When you create sales emails, one of the questions you have to ask yourself is, “How many of these do I need?” How often should you be contacting your prospects? It’s important to stay at the front of their minds—and equally important not to irritate or inconvenience them with too much communication. Here are a few guidelines to help you find the sweet spot:
Don’t reach out just for the sake of reaching out: make it meaningful. Offer value. This may be information about a new blog post or a promotion that could help the prospect solve a problem, or it may be a happy birthday message or something else that is personal to that particular contact. Each email or phone call should serve a purpose in addition to simply reminding the prospects that you’re there and ready to help them.
There’s a lot of data out there about the best times to email or call your prospects. For example, first thing in the morning is generally a bad idea, since everyone is getting to work, organizing the day, and managing urgent issues—not to mention going through all the emails they received overnight. You’ll also probably want to avoid weekends, holidays, and Mondays, since your message might get lost amidst the other messages that come in during those times when your prospect probably isn’t reading emails.
Phone tag is off-putting after the second or third attempt. Whenever possible, set a meeting time before you make that call so you can be sure you’ll connect with the person you’re trying to reach. Otherwise, they may not pick up your unexpected call; if they answer, they might not have the time or be in the mental space at that moment to deal with what you’re planning to talk to them about. You might start with a quick email or text: “Hey, I saw you were interested in XYZ. I’d love to speak with you about it. What’s a good time for me to call you?”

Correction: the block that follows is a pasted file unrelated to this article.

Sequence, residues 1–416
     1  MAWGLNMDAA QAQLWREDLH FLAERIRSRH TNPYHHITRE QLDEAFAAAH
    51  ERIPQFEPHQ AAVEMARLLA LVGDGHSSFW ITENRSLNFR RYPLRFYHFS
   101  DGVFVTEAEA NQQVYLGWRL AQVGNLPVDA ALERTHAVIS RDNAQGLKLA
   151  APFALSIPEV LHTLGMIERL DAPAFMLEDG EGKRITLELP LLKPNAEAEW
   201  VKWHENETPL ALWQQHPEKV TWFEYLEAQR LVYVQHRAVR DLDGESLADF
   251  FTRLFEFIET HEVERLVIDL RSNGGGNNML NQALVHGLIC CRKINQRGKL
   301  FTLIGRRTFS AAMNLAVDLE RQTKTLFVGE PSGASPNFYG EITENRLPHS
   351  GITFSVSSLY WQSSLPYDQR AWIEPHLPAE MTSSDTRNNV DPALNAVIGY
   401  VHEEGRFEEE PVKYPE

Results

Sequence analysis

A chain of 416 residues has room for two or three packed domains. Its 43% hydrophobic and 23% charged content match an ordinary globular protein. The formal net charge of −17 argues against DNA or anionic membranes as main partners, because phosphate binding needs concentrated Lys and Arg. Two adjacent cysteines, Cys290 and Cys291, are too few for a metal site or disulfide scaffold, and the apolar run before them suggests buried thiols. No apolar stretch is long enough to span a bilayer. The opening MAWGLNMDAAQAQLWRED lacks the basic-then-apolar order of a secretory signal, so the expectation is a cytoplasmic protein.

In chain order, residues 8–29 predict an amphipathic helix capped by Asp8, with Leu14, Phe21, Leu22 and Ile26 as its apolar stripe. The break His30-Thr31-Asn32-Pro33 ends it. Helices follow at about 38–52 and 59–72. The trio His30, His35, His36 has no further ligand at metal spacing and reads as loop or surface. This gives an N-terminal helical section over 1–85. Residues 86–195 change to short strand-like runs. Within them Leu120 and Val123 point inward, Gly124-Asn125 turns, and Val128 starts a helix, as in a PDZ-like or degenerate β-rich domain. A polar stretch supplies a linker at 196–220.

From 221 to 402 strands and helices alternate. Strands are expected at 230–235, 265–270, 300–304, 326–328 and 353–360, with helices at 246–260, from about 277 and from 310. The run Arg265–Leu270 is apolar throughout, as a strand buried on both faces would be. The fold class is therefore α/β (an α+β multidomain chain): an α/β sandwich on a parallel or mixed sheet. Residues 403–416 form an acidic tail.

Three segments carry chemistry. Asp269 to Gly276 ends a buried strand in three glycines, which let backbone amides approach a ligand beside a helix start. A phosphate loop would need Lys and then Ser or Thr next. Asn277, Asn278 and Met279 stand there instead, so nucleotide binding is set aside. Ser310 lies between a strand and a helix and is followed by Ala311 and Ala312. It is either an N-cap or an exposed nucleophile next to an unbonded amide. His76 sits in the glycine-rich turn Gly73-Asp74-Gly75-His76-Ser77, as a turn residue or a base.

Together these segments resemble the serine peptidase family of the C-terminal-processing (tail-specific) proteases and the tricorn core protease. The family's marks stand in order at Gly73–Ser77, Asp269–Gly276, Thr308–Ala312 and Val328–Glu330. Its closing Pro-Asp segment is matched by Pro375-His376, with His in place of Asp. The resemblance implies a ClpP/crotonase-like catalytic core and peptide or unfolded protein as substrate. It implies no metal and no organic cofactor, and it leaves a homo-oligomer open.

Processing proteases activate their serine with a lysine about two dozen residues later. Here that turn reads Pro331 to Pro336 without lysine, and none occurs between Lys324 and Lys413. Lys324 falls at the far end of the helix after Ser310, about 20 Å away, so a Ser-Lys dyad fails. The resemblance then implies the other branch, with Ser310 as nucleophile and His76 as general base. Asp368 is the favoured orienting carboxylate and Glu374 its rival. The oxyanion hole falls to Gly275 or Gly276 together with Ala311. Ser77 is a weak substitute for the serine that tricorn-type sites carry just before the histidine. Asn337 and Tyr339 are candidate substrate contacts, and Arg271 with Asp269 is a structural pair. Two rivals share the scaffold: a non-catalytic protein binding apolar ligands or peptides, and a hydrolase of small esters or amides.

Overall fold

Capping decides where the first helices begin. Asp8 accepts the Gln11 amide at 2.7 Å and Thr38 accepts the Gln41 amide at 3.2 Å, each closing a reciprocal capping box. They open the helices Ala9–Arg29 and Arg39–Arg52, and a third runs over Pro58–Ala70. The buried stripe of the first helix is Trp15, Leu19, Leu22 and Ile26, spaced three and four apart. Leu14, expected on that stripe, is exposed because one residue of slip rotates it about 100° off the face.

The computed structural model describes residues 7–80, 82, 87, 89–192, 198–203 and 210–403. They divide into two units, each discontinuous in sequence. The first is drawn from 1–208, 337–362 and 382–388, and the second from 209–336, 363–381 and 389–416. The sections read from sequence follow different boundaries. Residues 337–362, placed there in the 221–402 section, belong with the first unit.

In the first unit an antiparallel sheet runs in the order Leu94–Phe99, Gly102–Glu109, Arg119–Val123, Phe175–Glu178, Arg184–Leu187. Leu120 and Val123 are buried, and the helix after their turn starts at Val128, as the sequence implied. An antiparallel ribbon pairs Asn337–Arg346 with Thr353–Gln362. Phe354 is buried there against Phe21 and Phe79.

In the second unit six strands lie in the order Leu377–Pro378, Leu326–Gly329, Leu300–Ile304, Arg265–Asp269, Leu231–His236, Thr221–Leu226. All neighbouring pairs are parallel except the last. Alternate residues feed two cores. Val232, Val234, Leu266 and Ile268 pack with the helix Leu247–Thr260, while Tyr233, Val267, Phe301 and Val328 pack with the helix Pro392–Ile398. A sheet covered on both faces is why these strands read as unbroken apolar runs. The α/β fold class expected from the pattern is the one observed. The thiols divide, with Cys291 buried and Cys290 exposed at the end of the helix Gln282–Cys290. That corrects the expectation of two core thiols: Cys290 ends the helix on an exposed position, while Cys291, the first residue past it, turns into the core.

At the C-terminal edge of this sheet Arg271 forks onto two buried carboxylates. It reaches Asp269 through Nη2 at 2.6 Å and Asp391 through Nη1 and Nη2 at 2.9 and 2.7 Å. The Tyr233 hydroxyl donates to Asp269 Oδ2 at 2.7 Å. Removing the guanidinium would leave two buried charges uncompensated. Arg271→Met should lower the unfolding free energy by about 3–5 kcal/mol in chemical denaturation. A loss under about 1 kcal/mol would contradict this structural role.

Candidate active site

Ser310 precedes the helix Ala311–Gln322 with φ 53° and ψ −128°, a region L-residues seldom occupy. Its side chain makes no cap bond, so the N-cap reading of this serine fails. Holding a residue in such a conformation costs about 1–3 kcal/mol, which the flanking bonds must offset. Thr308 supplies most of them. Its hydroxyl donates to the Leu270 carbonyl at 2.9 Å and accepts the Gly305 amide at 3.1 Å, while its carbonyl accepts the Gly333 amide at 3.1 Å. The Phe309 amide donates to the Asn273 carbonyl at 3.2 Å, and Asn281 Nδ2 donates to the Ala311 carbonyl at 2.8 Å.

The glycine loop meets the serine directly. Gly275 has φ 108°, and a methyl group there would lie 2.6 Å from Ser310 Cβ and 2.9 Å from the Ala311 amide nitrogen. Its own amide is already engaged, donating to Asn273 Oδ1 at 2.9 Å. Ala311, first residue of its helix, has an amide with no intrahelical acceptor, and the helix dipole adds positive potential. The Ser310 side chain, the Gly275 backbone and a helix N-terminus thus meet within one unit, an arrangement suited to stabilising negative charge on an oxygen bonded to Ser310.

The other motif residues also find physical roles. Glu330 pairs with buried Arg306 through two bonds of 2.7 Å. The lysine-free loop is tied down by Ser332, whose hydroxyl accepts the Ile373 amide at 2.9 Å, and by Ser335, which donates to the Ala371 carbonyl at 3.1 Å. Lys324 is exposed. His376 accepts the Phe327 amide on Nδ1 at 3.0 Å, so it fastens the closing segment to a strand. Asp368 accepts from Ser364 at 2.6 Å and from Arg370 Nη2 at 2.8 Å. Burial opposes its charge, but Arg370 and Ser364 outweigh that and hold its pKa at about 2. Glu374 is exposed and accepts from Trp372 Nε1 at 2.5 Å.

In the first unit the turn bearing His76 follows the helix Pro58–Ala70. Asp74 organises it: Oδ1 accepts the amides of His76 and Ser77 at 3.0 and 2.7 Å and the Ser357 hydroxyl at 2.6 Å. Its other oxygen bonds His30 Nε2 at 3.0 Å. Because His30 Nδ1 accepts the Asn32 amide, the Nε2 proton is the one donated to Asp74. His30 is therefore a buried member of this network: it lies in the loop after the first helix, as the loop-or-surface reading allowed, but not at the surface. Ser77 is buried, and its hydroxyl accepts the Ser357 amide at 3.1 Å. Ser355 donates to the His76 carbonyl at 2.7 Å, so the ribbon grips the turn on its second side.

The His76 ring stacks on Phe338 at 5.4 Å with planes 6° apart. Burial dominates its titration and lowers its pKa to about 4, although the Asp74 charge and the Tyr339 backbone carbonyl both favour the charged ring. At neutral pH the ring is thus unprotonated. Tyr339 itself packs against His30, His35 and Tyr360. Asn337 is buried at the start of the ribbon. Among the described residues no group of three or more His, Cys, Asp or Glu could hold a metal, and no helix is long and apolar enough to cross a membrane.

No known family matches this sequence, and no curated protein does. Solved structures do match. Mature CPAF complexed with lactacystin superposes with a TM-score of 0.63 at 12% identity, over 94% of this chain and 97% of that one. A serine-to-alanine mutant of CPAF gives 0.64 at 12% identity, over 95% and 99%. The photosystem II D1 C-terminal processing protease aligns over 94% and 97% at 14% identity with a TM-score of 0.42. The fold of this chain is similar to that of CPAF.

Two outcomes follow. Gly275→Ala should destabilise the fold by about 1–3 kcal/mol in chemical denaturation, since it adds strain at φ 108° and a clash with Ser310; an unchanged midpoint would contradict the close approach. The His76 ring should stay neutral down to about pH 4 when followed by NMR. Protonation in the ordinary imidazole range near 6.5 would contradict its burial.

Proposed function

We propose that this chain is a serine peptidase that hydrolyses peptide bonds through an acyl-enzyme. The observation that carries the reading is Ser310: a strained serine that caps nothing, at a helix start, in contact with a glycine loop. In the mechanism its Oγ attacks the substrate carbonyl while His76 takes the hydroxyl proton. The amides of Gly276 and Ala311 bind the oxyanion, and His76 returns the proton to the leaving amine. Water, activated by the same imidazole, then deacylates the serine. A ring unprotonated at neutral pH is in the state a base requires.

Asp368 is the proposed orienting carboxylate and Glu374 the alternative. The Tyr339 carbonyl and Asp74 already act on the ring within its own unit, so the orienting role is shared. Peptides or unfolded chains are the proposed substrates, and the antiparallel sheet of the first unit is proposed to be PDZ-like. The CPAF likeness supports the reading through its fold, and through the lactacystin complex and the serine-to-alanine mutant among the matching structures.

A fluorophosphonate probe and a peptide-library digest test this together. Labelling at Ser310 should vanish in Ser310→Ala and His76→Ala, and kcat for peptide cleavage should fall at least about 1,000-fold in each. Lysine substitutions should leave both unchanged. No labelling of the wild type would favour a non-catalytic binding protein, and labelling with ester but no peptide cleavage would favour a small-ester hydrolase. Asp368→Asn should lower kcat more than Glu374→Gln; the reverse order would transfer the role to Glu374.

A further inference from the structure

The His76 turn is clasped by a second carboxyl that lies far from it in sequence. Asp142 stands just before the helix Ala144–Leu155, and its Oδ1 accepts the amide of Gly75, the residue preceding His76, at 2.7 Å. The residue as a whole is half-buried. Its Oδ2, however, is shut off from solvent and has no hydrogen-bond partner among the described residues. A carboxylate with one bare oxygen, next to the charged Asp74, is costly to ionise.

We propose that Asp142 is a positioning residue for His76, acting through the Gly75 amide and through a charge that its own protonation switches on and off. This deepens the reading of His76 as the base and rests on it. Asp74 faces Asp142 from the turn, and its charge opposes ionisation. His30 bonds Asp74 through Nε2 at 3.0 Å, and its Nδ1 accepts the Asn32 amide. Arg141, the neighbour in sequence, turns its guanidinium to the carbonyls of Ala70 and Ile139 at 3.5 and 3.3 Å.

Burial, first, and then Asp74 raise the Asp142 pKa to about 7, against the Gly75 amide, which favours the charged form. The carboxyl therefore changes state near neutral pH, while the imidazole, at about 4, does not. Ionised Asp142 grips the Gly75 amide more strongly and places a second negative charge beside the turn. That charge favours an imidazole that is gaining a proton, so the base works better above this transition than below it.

For prospects who are on your automated email list, give them a choice about how often they would like to be contacted: daily, weekly, or monthly, for example. Stick to that schedule so people know when to expect to hear from you. Take care to segment your email list so you can make each automated email as personal as possible. For example, you may not want prospects with houses for rent to receive the same emails as prospects with apartments or condos. You might have different messages for prospects with one property and prospects with multiple properties.
If you’ve made several calls or sent several emails and haven’t gotten a response, it might be time to rein it in. If your prospect signed up for your newsletter, he or she will continue to receive those and may, of course, unsubscribe at any time. There may be several reasons why the prospect isn’t getting back to you: he’s too busy, she doesn’t need your help right now, or he’s decided to go in another direction. It may be time for a break-up email: that final message that says you’ll leave them alone since you haven’t heard anything.
When you partner with Property Management Pros, you don’t have to create sales emails on your own. You get to take advantage of our effective marketing solutions, which include killer email templates to help move your prospects through the sales journey. Contact us to learn more about how to start your property management business—and how to market it effectively.